The Syrian security forces and lawless secret police (Shabbiha) confronted peaceful protests with utter brutality and killed hundreds of civilians in the first few weeks, triggering the beginning of an increasingly bloody spiral of violence. For fear of imprisonment, torture, or murder, any form of opposition therefore had to be practised from abroad.
These atrocious actions coincided with the regime′s rare attempts to engage the IS militants in combat. According to senior defence intelligence officer Jeffrey White at The Washington Institute, the regime ″fights IS where and when important regime interests are at stake. When such interests are not at stake, the regime is content for IS to fight the rebels without interference and even to tacitly assist the group.″
″In the Syrian war, the regime is completely pragmatic regarding whom to fight with or against, as well as where and when to fight.″ While the regime remains an unreliable ally in combatting IS, it is more likely to be ″putting only limited effort into the fight while putting its own interests first, including co-operating with IS when deemed expedient,″ added White.
The fact that Assad regime has targeted its military operations against ″moderate and secular opposition groups″ while barely attacking IS indicates that this opposition is ″considered to be much more of a threat to the regime than IS″, according to the PAX policy report published in 2015. The Assad regime hasn′t only turned the other way when IS militants were thriving, but also co-operated with them out of necessity by purchasing fuel from IS-controlled oil facilities, thus maintaining an economic relationship with IS throughout the conflict.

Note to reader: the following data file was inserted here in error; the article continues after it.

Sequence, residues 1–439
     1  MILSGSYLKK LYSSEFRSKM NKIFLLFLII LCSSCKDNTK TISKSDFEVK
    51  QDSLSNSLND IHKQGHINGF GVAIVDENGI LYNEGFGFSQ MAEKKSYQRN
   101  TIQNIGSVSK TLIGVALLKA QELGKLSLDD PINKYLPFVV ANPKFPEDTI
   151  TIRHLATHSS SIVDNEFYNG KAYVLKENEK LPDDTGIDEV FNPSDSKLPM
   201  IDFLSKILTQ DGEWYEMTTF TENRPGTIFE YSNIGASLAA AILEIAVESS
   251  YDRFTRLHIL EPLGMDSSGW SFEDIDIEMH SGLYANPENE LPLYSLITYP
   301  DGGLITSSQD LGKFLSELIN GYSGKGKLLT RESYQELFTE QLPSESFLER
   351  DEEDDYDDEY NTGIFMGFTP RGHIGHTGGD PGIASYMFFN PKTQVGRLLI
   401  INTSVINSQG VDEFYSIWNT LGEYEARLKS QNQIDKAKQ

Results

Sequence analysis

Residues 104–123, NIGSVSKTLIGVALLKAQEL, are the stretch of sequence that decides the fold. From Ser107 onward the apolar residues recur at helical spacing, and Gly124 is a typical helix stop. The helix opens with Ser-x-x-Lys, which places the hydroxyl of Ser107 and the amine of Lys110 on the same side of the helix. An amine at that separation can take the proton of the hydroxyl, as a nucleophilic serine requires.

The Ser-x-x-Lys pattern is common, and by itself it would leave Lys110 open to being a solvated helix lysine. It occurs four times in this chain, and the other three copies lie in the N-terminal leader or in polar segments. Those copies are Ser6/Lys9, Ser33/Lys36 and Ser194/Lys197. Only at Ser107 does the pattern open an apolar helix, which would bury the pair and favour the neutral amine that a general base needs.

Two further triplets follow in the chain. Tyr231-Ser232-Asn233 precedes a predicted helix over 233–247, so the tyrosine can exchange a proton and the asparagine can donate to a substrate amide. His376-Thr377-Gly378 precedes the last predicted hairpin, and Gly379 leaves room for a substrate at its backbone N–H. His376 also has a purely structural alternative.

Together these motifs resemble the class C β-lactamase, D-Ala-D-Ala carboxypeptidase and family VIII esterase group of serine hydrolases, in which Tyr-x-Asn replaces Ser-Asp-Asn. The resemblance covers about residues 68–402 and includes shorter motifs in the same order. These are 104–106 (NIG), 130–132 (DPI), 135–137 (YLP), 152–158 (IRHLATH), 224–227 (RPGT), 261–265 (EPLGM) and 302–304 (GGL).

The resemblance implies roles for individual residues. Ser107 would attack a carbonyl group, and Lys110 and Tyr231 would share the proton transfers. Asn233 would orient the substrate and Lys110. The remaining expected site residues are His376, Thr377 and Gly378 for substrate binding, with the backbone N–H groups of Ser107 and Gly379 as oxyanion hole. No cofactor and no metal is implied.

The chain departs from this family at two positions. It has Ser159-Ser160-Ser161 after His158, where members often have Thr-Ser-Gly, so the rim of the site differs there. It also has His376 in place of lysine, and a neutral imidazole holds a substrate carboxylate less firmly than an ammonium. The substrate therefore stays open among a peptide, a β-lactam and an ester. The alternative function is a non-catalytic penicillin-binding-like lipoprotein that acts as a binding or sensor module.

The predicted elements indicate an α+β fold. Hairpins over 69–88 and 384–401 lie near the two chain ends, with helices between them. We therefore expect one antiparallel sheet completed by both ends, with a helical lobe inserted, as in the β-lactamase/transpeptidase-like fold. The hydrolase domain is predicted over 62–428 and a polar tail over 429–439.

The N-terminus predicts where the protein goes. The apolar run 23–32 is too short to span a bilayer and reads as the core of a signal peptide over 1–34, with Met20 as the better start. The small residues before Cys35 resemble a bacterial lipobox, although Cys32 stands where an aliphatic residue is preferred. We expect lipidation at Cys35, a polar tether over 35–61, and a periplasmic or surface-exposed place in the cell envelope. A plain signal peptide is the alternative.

Opening the door to terrorists
But this is not the whole story. The Assad regime has a long history of co-operation with radical Islamists, consistently playing a double game with the terrorists. This relationship dates back to 2003 when it supported and facilitated the formation and the flow of jihadist resistance into Iraq to fight against the U.S. invasion.
According to the Sinjar Records discovered by US forces in 2008 and published by the Combatting Terrorism Centre, 606 fighters from different countries crossed into Iraq from Syria between August 2006 and August 2007. The actual number of those who crossed into Iraq via Syria is likely to be much higher, but this is a documented study based on evidence that focuses on a specific timeframe and a specific crossing point. The Assad intelligence was fully aware of foreign al-Qaida volunteers entering Iraq via Syria.
″The history of the Syrian government′s relationship with alien Islamist militants is long and complicated, ranging from open support to brutal suppression of jihadi activists operating within its borders,″ stated the report in 2008. These reports are just more headings in a long documentation process, which indicates that the Assad regime gave the green light to militant groups in Syria to form and flourish.
The Assad regime ″opened the door to terrorists in order to put pressure on the American troops in Iraq so they wouldn′t even think of war [against Syria],″ said the president of the Kurdistan Regional Government Massoud Barzani in an interview.
The regime conducts its policies in regard to IS based on a pragmatic approach that serves its interests to further its political aims and consolidate its power structures. Thus, through a relationship of co-ordination – which implies conflict – and co-operation, which implies coalition, both the Assad regime and IS have been ready to commit atrocities against each other and against civilians alike.
© mpc-journal.org/Qantara.de 2017
Hakim Khatib is a political scientist and analyst works as a lecturer for politics and culture of the Middle East, intercultural communication and journalism at Fulda University of Applied Sciences and Phillips University Marburg. Hakim is the editor-in-chief of the Mashreq Politics and Culture Journal.